Peace has always taken a near-shamanistic approach to research, absorbing whole archives of material – historical volumes, newspaper clippings, even classified ads – until a key turns, and a door opens, through which he can enter the time and place where his story is set. In this case, the lengthy bibliography at the back of Patient X suggests that he was trying to read his way into the mind of the dead author. Did he get there in the end?

“Perhaps it’s vanity or arrogance on my part, but I hope so. At the same time, the mystery of the man remains, and if it didn’t, I wouldn’t have written it. If that makes sense.” Each chapter addresses a phase of his subject’s development as a writer, and his deterioration as an entity. Akutagawa was tormented from within by a fear of inheriting his mother’s insanity, and from without by the rise of nationalist violence and imperialist avarice in Japan.

One section of the book describes the Great Kantō earthquake of 1923, which destroyed much of Tokyo, ignited wild, xenophobic conspiracy theories, and deepened his own alienation. Peace wrote that chapter after the quake and tsunami of March 2011.

He was out of the country at the time of the disaster, having moved back to Yorkshire (Dewsbury, West Riding) with his Japanese wife and their children in 2009. The idea was to be closer to his elderly parents and give the kids their first real experience of England.

“It didn’t work out,” he says. “I didn’t know how to do anything. It’s that thing where you’re home but you feel like a tourist. And I know this comes off badly, but I had never missed England. I left because I didn’t like the place. And being back there I just missed Tokyo.”

The relocation, or dislocation, were also “quite disruptive to my work.” He tried to get on with the third Tokyo book but struggled to reverse the method by which he’d written Leeds-based crime novels while sitting in Japan’s National Diet Library. In the meantime, he attended events for Unite The Union, visiting labour clubs in areas that had seen the most ferocious moments of the miners’ strike (the subject of his 2004 novel GB84).

“Looking back, I detected a real sense of wanting to go back to some old-fashioned idea of British socialism that came as much through the church and chapel as through Marx and Engels. You could see that the whole New Labour thing really hadn’t washed in these places. Dewsbury was suffering almost as much as it ever had.” Red Or Dead, says Peace, was an attempt to make a case for the kind of socialism offered by Bill Shankly, and Liverpool Football Club under his management through the 1960s.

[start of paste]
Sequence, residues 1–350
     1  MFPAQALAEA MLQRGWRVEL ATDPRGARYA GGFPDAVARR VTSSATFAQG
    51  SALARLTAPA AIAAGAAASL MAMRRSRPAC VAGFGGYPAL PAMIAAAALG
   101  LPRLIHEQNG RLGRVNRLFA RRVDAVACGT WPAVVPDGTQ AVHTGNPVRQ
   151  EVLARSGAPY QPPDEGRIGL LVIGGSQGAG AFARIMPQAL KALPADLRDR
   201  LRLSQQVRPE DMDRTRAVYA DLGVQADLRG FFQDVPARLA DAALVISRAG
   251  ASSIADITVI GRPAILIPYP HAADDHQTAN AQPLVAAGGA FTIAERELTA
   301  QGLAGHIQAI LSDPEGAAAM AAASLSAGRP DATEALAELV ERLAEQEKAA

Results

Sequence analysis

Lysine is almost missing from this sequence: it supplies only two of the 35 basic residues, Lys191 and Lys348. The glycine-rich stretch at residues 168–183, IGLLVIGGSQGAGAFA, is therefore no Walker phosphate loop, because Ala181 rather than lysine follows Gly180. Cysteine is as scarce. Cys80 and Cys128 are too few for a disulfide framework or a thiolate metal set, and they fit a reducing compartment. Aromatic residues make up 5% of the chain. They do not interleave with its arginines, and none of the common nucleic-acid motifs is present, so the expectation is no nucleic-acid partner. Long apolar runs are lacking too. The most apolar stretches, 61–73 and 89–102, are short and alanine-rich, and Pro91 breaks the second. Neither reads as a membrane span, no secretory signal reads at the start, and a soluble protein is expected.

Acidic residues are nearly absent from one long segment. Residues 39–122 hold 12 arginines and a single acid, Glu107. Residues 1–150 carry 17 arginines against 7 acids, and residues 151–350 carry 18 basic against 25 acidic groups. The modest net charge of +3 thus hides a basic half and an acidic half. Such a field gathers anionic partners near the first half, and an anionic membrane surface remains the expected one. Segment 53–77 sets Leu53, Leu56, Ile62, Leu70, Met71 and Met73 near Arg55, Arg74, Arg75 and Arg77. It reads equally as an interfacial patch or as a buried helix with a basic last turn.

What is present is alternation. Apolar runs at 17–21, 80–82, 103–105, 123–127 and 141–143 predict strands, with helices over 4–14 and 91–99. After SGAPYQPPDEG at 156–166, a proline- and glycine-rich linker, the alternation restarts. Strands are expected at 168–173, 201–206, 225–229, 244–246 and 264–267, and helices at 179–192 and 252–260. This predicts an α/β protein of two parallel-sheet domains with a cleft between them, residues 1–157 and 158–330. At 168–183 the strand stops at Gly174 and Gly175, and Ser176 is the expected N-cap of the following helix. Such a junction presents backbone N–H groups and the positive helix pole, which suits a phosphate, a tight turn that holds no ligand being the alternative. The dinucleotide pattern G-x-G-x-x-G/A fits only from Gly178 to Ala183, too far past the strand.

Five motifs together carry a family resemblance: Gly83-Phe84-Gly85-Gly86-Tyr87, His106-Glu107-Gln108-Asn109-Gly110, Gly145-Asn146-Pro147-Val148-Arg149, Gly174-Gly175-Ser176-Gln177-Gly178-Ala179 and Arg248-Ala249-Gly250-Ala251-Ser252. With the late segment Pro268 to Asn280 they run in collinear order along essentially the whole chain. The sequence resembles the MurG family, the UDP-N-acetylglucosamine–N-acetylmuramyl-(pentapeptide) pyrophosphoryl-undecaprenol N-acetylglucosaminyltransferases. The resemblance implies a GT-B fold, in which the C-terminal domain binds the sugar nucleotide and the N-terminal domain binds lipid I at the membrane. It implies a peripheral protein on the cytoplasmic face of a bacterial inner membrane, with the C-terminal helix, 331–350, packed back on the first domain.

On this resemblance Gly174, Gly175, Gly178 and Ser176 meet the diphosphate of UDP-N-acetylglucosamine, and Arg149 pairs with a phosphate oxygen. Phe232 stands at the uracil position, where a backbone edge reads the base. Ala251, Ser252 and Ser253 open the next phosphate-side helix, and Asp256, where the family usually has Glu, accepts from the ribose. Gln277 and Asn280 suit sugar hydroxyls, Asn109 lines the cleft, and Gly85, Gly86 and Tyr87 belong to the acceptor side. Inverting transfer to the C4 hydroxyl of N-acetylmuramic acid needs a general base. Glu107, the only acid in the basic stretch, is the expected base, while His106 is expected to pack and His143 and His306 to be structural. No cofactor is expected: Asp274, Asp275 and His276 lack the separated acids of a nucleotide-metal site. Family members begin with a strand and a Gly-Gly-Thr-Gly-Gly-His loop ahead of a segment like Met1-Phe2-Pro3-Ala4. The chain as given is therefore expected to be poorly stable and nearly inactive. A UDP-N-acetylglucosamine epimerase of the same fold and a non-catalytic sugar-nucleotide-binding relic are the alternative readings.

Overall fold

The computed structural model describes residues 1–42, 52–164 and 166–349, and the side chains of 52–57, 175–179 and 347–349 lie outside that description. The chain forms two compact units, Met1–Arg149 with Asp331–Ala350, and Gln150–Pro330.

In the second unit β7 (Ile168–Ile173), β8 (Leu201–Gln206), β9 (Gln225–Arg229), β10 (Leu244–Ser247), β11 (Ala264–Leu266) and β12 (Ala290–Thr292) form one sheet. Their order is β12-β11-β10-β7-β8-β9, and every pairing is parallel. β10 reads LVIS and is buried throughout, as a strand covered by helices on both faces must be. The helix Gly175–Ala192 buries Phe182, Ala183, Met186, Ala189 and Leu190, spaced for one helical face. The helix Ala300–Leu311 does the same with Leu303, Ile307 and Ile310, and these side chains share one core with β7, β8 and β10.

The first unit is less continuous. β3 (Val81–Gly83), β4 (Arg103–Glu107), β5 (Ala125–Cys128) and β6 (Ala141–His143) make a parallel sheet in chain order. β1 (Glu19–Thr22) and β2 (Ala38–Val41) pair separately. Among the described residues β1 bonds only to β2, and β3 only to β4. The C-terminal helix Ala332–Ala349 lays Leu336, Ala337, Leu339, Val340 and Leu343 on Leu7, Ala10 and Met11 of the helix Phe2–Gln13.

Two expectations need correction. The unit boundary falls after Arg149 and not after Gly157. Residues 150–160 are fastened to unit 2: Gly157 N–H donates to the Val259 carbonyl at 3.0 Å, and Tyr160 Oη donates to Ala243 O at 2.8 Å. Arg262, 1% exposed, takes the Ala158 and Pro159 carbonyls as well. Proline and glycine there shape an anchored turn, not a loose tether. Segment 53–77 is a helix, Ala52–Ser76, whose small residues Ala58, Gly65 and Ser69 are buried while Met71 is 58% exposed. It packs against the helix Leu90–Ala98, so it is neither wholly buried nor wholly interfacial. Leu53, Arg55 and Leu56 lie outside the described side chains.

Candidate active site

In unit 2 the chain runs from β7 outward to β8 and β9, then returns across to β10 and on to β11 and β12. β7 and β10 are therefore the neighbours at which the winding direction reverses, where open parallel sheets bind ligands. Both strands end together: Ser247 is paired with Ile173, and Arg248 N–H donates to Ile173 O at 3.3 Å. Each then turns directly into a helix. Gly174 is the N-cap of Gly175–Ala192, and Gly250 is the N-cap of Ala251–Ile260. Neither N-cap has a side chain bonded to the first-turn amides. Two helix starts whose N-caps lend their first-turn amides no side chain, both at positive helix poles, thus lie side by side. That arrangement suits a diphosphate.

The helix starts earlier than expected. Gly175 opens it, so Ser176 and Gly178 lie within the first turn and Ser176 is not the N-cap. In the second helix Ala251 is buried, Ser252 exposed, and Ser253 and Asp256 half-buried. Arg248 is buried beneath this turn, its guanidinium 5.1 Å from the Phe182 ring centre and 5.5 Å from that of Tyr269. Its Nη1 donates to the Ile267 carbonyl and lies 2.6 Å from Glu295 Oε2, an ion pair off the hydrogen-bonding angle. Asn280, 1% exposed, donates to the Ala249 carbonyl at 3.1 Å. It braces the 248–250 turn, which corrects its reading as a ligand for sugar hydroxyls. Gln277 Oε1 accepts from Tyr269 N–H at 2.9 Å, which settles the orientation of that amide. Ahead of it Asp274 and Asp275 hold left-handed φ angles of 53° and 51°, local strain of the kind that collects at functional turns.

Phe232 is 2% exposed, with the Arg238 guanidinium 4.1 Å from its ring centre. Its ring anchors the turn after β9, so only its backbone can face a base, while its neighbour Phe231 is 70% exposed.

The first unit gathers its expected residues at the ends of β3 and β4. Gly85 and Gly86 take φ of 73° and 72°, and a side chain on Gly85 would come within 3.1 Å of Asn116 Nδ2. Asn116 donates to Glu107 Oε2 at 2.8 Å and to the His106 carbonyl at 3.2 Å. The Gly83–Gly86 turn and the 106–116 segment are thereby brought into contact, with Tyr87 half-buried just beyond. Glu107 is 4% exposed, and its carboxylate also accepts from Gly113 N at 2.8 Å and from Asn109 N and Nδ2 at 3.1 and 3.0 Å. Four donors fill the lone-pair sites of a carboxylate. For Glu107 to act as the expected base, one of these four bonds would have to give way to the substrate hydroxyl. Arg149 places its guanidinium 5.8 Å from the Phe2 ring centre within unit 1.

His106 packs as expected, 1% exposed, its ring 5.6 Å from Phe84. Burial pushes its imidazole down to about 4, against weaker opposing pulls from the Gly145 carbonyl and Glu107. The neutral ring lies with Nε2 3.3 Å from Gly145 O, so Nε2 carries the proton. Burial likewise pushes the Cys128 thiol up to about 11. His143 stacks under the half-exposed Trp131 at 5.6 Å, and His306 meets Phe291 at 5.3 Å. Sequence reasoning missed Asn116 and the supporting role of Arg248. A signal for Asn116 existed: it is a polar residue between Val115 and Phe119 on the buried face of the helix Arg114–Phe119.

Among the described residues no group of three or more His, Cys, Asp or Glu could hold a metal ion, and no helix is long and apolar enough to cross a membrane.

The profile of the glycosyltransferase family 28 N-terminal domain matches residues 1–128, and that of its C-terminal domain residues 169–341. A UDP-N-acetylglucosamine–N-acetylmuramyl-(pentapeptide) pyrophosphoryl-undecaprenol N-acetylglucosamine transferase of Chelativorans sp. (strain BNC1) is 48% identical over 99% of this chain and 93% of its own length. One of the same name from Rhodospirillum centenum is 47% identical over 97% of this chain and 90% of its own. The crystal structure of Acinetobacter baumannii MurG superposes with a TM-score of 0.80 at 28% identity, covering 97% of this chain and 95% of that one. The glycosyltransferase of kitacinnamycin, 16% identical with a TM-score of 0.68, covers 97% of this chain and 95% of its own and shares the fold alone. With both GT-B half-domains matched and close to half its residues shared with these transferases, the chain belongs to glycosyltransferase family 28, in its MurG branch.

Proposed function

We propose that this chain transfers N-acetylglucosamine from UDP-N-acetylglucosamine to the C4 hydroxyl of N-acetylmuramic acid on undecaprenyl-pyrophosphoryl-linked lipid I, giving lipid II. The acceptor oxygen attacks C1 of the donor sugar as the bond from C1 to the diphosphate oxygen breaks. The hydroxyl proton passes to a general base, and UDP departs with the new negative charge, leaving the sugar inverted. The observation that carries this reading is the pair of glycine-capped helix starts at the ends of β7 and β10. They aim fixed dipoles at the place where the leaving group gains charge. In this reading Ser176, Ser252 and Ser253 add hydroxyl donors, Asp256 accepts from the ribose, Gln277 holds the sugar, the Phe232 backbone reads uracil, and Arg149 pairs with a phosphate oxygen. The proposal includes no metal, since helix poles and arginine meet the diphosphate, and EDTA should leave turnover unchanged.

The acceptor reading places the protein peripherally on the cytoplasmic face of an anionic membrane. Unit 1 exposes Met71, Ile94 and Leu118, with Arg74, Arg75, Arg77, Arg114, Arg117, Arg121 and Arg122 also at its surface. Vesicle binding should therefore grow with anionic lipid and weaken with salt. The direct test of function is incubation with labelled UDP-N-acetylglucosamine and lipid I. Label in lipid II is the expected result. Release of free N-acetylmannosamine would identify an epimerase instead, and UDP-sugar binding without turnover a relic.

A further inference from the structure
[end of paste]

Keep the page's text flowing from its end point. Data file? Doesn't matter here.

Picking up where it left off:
“There was something a bit romantic about it. I’d never tried to write a positive book before.” He began that novel in England but finished it in Japan, returning with his family about a month after the tsunami – moving in the opposite direction to many western expats at the time. Since then, he says, watching the UK from a distance, through the window of Sky News, “has been a bit like peering through the bars of an asylum … everyone just shouting at each other, their eyes on stalks.”

The result of the Brexit vote did not surprise Peace in the least. “I thought it was a historical inevitability, which is not to say that I agree with it. The EU project, or the economic aspect of it, seemed to be based on a political union that a lot of British people never really went along with. After years of austerity and cuts to public services, the only real surprise was that Cameron and his people would put it to a referendum.”

Though hardly prone to populism, Japan’s own right-wing leadership is circling back toward imperial nostalgia and hardline insularity, and we now seem to be living through times no less turbulent than Ryūnosuke Akutagawa’s. Reading Patient X, the old question arises as to whether some souls – certain artists – are so sensitive to the currents and shocks of history that they manifest them psychically.

“That’s what I was asking myself,” says Peace. “Akutagawa’s death was actually seen in Japan as the defeat of literature, or at least of a very bourgeois kind of writing.” He cites an essay by the marxist critic Kenji Miyamoto, who was jailed by Japan’s military government in the 1930s. “Miyamoto said something like: ‘The fatal flaw of the bourgeois artist is to see in his own suffering the suffering of all humanity.’ I have some sympathy with that because of how and where I was brought up.”

At the same time, he is prone to his own form of writerly mysticism. All of Peace’s novels – and this one in particular – hint at some esoteric, occult element in the process of composition. When drafting the last chapter of Patient X, he heard Akutagawa’s voice, telling him to stop after the suicide, and before the funeral scene that he’d extensively researched and outlined.

“I know how that sounds, but I really did feel a presence. I’ve never experienced that before. I got to that moment, and I heard him say: ‘That’s it. That’s where you should end’.”